But sometimes I say 'to hell with it' and let it get in - how angry and upset this all makes me. Perhaps my last post was a little angry - and maybe the next few ones will be as well. but can you blame me? No one wants to help.

Be proud of Kuwait for all its achieved - sure. But you wanna be more proud? Go out and DO something. It's YOU that is Kuwait. I mean what is Kuwait besides Kuwaitis?

We all know the truth - a movie, a song, a blog never changed anyone for very long. It just keeps you aware, gives you little bursts of emotion from time to time. It's the sitting in your room, thinking about it, measuring up your life, counting costs, wondering what this world and your life mean, feeling some degree of the suffering - that changes you.

So watch the movies and listen to the songs, and if anything you read here strikes even the littlest note inside of you, then I'm glad - but be changed by the renewing of your mind. That's where it all starts to become reality.

Thanks for all your encouragement and support.

Friday, July 3, 2009

Kisa Binti Kasili and the illusion of sophistication

Indonesian maid, Kisa Binti Kasili was beaten by her 'mama', Madam Dalal. Kisa escaped through the window and stayed in hospital to recover from her injuries. She was then taken to jail as is always the case for runaways.

When her sponsor Madam Dalal heard that we were enquiring about Kisa to try and send her back home to Indonesia, she picked up Kisa from the jail. She explained to me on the phone that unless we paid the sum of 500 KD, they would make Kisa work for them again - and everything that came with that.

There was no way that I could personally meet this amount as well as the amount for her ticket. So I mentioned the story on an online facebook group concerned with maid abuse. I was hosting the group at the time. Some members on it were from very high-up Kuwaiti families. I had assumed they joined because they were concerned about the maid abuse situation in Kuwait.

I explained that we needed donations however small - for kisa and the 2 other cases we were working on at the time that needed tickets home. When the time came though, only one Kuwaiti male on the group was willing to donate, and the rest of the donations were from Asian expats. The Kuwaiti girls on the group did not even dignify me with a refusal. They just ignored my message entirely. In the end, we could only meet two people's ticket costs - Kisa and another lady. So we bought Kisa a ticket and pleaded with Madam Dalal to let Kisa fly.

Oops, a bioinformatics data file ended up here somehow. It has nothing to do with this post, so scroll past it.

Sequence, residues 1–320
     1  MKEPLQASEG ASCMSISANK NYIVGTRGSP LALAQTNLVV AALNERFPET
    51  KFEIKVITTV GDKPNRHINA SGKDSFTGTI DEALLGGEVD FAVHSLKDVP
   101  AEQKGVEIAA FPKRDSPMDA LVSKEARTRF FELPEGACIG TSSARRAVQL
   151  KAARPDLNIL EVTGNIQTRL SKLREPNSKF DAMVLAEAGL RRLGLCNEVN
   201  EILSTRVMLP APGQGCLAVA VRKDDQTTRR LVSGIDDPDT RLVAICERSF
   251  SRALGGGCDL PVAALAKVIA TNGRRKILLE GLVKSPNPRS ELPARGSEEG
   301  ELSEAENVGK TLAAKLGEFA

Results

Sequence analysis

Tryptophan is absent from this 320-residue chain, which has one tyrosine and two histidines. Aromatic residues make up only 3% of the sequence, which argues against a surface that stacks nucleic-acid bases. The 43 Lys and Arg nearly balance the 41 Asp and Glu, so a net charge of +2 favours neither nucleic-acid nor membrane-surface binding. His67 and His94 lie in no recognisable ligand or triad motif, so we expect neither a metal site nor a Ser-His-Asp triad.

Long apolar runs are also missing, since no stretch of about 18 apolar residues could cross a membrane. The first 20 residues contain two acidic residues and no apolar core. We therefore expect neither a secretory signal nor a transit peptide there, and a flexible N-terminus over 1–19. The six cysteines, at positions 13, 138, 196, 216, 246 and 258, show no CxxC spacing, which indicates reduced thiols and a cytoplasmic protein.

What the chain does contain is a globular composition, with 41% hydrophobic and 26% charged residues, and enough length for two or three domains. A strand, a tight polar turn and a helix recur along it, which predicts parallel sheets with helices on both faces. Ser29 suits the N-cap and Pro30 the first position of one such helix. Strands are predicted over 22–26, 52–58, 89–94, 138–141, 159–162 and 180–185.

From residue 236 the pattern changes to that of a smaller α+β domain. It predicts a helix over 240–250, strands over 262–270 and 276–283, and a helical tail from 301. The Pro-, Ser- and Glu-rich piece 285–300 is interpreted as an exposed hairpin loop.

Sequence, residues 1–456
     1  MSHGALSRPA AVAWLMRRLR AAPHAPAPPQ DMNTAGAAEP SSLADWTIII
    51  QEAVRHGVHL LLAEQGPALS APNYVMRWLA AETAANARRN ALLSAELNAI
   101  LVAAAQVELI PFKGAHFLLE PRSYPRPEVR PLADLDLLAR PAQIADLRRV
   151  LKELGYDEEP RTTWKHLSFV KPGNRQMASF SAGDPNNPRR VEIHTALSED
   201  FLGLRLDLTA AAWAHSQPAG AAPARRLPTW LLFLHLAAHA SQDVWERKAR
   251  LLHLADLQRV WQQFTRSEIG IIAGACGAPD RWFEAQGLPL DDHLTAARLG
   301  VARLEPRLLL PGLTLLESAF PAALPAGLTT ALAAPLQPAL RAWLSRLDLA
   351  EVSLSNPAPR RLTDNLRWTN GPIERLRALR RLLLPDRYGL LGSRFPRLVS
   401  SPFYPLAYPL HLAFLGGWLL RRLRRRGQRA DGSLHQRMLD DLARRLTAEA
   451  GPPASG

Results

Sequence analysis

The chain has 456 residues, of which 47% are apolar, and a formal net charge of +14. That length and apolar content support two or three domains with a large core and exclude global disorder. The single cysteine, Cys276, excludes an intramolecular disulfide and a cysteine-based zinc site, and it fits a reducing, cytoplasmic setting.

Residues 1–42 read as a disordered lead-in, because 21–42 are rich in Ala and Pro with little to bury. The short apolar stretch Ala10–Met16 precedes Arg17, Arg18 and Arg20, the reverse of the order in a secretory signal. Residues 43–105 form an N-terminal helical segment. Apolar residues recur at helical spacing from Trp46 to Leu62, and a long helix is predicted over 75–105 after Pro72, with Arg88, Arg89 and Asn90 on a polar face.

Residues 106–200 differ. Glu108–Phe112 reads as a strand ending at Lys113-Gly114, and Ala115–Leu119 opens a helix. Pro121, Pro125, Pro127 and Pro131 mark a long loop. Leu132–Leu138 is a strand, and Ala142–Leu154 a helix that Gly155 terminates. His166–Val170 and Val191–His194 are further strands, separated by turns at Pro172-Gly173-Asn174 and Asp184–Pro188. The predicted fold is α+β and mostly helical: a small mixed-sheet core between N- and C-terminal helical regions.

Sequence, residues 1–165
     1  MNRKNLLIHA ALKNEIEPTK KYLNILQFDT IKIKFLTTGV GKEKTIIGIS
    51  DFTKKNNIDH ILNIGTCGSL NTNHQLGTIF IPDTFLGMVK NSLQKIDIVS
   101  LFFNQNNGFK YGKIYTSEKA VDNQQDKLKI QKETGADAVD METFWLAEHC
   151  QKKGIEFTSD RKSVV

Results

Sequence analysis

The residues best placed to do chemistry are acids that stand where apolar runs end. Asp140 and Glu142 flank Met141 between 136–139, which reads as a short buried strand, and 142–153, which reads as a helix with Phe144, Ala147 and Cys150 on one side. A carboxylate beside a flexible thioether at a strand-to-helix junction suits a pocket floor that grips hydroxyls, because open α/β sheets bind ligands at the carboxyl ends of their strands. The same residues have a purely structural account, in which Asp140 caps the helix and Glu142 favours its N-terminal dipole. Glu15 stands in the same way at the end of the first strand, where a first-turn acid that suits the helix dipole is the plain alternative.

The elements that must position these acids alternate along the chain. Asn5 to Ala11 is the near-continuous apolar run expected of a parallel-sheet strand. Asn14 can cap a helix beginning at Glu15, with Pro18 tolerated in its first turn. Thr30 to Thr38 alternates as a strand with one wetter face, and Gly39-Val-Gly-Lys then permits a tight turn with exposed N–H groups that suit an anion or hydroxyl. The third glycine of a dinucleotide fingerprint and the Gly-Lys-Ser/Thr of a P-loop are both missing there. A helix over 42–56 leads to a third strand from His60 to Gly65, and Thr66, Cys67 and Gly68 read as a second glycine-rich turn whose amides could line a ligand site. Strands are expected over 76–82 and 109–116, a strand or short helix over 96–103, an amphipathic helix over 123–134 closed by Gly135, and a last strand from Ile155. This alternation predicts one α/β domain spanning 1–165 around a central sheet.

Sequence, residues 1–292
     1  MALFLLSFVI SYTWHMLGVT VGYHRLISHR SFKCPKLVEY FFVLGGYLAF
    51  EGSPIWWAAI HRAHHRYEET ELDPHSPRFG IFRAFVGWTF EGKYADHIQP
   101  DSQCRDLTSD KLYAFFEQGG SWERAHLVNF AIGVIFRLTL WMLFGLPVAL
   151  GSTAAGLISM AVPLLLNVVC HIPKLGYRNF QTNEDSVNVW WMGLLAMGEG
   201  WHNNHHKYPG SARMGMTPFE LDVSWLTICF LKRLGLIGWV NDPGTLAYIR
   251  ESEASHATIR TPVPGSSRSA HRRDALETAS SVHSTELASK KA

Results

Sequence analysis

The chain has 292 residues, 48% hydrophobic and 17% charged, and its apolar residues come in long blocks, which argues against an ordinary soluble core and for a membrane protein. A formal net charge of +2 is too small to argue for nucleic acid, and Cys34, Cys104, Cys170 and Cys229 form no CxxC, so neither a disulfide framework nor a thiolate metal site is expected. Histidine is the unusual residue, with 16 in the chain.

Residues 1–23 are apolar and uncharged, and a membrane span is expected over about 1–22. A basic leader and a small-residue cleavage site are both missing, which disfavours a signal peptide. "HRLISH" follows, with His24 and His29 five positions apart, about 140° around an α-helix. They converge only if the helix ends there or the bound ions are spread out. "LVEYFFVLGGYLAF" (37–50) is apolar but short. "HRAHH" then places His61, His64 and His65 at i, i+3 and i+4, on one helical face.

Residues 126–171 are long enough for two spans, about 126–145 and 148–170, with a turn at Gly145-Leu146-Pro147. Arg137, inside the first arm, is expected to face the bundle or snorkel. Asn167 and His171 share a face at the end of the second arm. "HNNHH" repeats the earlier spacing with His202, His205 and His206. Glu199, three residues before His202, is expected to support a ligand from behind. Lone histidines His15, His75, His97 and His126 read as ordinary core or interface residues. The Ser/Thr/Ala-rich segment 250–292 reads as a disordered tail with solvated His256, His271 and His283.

Knowing she would not get the money, Madam Dalal and her husband then beat Kisa black and blue, leaving her bruised in the airport, a day earlier than her flight. Madam Dalal stole 50 KD Kisa had on her and left her with no food.

We believe Kisa eventually made her flight to Jakarta, although without any money or the luggage she came to Kuwait with. How does one look on a case like this and then truly say it was a success if the person goes home like this?

I have Madam Dalal's number and home address with me and in anger, sometimes I think about what I could do to this criminal, who speaks so politely and diplomatically on the phone but whose bottom line is the almighty Kuwaiti Dinar.

Someone who walks around with her Swarovski crystal studded hijab and her delightfully tacky handbag. And I think about how her sophistication and class is a barefaced lie - like so many others I have come across. Because although so many of us born and raised in Kuwait are so good at primping, preening and surrounding ourselves with everything luxurious, affluent, shiny, gaudy and gleaming, talking about and comparing our newly acquired assets - cellphones, cars, sneakers, electronics and beyond... I rarely ever meet a person with such class and character that I truly admire them.

Rarely, rarely have I encountered true sophistication - the kind of class and character that puts people above all else on earth. Instead, what many of us are seeing on a day to day basis -- in the malls, on the roads, at our schools and jobs, in our families and friends... is just a shiny, pretentious, very expensive illusion funded by the blood and sweat of others and hiding something dark and ugly underneath it all.

We live in the illusion of class and sophistication.

Tuesday, June 30, 2009

LIfe as an expat

"It must be **** being an expat.... Walking down the street feeling unsafe and unsure of how the day might go"

That's the comment one of our readers left on the last blog post. How ironic.

Yesterday, I, the Indian expat, was walking down the street with the wife after a fantastic day of bumming around old Salmiya. Marina Mall was about half a kilometer in front of us and we were intending on grabbing some cold drink to ease the heat a bit. All in all a very good mood.